very interesting post.

I have several questions, but here I will pose only one, I hope not too confused.

Suppose I have NON separable preferences across time, as in the rational addiction model of Becker and Murphy (1988). Preferences in that model are also stationary.

Suppose I can somehow test Time Invariance in preferences.

Can I say that if Time Invariance is satisfied, than those preference are also time consistent? And if Time Invariance is NOT satisfied preference are Time Inconsistent?

Thank you for your reply.]]>

Many of the reviewers seemed to be either mathematicians or cognitive scientists who (1) didn't appreciate any of the wider philosophical content and (2) complained about minor details that are completely irrelevant to my main points. For example, one reviewer commented on my use of the term "doxastic space": "Ordinary mathematical use of ‘space’ suggests that the au wants to have some structure on the extended doxastic space beyond what comes from it being based on a Cartesian product (most likely a topology); but we are told nothing about that structure, leaving the au’s use of ‘space’ mysterious."

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1. I haven't looked at Nodelman and Zalta carefully enough (I should!), but the view doesn't look like the classical kind of structuralism I had in mind. The structuralism I had in mind postulates only concrete individuals and abstract properties. Since a "place in a structure" can hardly be a concrete individual, it would have to be a property. Nodelman and Zalta don't seem to think of structures as properties; in any case, they also say that 'i' and '-i' are not referring terms at all, but have to be quantified away. So they agree that e.g. 'i ≠ -i' doesn't express the non-identity of two definite things.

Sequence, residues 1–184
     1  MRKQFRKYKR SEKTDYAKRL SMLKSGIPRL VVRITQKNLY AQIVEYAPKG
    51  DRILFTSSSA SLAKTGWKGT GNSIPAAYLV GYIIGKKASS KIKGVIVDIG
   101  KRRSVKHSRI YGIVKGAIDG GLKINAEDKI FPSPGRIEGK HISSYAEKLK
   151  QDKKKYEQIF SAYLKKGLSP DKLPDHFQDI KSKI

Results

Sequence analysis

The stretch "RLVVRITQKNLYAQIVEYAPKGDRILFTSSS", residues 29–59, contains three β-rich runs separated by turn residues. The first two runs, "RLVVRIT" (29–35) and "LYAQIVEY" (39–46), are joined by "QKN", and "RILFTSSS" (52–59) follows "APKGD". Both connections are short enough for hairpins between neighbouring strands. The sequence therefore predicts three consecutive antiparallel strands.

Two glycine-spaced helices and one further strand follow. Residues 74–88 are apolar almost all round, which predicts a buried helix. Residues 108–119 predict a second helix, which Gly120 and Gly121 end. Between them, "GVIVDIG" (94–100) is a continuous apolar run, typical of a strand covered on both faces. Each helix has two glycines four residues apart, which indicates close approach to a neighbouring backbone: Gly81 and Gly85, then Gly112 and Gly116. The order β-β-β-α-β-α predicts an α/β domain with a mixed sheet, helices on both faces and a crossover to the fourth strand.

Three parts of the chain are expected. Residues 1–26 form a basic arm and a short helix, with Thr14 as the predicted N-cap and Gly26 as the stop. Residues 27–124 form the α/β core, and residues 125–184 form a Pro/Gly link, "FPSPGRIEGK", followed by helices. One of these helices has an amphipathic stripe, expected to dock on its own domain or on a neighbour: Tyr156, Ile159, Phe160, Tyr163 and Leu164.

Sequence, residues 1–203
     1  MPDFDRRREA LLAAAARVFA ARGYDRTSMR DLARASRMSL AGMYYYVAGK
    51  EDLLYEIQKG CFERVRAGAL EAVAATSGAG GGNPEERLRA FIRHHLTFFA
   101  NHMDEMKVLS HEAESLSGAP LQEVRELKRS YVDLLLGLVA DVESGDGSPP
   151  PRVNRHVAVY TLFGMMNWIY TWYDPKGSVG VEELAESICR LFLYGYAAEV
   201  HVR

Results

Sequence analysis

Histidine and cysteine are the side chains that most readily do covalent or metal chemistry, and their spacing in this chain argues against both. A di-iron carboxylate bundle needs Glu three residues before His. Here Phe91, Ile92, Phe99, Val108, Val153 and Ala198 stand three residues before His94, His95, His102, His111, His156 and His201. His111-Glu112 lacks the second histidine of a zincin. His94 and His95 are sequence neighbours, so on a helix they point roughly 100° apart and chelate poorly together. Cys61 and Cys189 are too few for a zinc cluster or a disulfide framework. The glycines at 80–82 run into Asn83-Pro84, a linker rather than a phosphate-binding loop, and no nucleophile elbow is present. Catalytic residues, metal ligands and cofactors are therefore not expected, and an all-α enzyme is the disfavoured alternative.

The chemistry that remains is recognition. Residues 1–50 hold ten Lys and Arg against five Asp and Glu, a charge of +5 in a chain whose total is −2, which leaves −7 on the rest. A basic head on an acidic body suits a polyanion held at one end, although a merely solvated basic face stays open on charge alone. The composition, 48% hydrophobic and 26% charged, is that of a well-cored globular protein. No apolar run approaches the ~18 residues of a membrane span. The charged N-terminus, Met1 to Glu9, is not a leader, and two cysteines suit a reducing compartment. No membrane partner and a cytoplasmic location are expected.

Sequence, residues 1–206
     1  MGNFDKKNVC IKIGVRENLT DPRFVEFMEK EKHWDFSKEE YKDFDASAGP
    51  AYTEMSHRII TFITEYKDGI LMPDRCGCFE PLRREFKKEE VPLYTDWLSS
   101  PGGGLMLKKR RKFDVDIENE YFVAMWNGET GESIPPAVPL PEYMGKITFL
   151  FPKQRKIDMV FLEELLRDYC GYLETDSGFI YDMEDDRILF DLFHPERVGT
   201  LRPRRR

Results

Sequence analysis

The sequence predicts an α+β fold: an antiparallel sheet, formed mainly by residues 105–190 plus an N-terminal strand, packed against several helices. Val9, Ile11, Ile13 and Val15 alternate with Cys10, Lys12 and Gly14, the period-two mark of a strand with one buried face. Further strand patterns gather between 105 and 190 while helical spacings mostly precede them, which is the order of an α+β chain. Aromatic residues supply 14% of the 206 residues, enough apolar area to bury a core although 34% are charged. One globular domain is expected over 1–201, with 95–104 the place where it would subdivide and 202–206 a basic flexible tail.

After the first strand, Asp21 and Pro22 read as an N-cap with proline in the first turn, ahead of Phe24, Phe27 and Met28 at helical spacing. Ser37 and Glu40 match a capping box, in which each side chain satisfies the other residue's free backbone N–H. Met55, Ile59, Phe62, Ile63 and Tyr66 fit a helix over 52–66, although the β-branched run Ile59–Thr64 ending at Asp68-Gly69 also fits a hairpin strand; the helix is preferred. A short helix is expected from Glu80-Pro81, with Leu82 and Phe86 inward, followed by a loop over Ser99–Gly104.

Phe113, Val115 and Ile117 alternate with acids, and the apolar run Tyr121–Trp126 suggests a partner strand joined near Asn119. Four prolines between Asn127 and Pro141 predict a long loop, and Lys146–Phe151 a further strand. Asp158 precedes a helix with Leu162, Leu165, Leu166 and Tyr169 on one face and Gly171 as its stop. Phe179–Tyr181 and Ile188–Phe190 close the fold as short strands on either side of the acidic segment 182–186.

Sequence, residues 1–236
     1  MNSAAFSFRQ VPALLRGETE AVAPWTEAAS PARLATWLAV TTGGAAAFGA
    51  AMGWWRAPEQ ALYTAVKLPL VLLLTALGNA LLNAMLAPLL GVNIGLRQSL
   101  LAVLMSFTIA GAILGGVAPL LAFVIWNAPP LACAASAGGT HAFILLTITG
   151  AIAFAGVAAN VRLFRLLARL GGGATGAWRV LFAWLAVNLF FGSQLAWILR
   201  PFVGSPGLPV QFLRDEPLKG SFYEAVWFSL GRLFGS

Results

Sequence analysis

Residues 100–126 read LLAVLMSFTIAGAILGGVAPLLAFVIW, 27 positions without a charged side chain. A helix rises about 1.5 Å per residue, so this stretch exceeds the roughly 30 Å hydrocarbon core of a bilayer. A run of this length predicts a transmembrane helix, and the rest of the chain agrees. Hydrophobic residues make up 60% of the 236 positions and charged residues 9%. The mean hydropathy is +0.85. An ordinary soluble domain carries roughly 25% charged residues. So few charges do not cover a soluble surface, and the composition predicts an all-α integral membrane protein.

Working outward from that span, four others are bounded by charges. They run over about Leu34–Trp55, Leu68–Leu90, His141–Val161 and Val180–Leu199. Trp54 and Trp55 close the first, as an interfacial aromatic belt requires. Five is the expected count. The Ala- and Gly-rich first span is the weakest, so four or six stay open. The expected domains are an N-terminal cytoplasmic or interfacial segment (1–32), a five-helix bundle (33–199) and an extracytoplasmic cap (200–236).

2. I wasn't assuming any indiscernibility principle. Instead, I was assuming that complex numbers are properties, defined by the conjunction of all structural predicates which they satisfy in the complex field. It then follows immediately that i = -i. You're right that if we have an ontology in which property-like "structures" are in some mysterious sense related to individual-like platonic "places", then we could say that i and -i are primitively distinct "places" even though they share their structural properties.

(And yes, Button's hybrid solution amounts to a kind of eliminative structuralism for constructed structures.)

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Interesting read! I'm certainly no expert and not necessarily a friend of structures myself, but here are some loose thoughts:

1. One thing that perplexes me a bit is why do you presume that a stucturalist would want (or need) to identify the number 2 with some property. Isn't it quite customary for a structuralist to say instead that numbers are not properties but objects of a special kind - namely, positions within the structure? For this to be convincing, of course, you'd have to take seriously the structuralist's talk of positions and it looks like you dismiss it as being too contrived and metaphorical. What would convince you otherwise? (In particular, I wonder what's your take on an axiomatic approach of the sort provided by Nodelman and Zalta.)

2. The argument leading to $latex i = -i$ seems to hinge on an indiscernibility principle, and one strong enough to guarantee that two elements (or places/positions) of a given structure are identical whenever they are related by an automorphism of the structure in question (cf. Keranen's paper). But why think that a structuralist must commit herself to such principle in the first place? Why can't she, say, treat the identity of positions as primitive and proceed from there, thus avoiding the need for an explicit identity criterion? I suppose that some epistemological considerations might be at work here, but as I said, I'm not overly familiar with this.

P.S. Oh, this could be a red herring, but what you say about $latex i \neq -i$ being a universally quantified statement bears a prima facie resemblance to Tim Button's hybrid solution and his distinction between basic and constructed structures. ]]>